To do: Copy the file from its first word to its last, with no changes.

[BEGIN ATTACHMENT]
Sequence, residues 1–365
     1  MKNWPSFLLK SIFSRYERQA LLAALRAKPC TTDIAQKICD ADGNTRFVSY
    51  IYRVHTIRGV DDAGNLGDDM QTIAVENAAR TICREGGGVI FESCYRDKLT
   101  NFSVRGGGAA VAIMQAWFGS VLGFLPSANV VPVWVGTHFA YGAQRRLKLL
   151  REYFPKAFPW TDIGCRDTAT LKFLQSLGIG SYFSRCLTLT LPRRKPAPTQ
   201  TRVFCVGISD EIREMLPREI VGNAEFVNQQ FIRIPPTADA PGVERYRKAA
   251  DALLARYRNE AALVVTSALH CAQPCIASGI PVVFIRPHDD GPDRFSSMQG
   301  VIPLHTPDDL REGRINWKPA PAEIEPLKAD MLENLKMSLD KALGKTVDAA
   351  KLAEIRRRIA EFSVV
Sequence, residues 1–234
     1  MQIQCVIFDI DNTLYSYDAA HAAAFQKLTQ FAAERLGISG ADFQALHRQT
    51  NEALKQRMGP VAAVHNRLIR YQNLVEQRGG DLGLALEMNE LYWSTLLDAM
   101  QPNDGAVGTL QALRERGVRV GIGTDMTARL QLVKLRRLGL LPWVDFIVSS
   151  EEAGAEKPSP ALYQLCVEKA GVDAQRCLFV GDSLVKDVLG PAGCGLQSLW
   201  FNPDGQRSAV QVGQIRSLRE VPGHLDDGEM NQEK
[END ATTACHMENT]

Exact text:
Sequence, residues 1–365
     1  MKNWPSFLLK SIFSRYERQA LLAALRAKPC TTDIAQKICD ADGNTRFVSY
    51  IYRVHTIRGV DDAGNLGDDM QTIAVENAAR TICREGGGVI FESCYRDKLT
   101  NFSVRGGGAA VAIMQAWFGS VLGFLPSANV VPVWVGTHFA YGAQRRLKLL
   151  REYFPKAFPW TDIGCRDTAT LKFLQSLGIG SYFSRCLTLT LPRRKPAPTQ
   201  TRVFCVGISD EIREMLPREI VGNAEFVNQQ FIRIPPTADA PGVERYRKAA
   251  DALLARYRNE AALVVTSALH CAQPCIASGI PVVFIRPHDD GPDRFSSMQG
   301  VIPLHTPDDL REGRINWKPA PAEIEPLKAD MLENLKMSLD KALGKTVDAA
   351  KLAEIRRRIA EFSVV
Sequence, residues 1–234
     1  MQIQCVIFDI DNTLYSYDAA HAAAFQKLTQ FAAERLGISG ADFQALHRQT
    51  NEALKQRMGP VAAVHNRLIR YQNLVEQRGG DLGLALEMNE LYWSTLLDAM
   101  QPNDGAVGTL QALRERGVRV GIGTDMTARL QLVKLRRLGL LPWVDFIVSS
   151  EEAGAEKPSP ALYQLCVEKA GVDAQRCLFV GDSLVKDVLG PAGCGLQSLW
   201  FNPDGQRSAV QVGQIRSLRE VPGHLDDGEM NQEK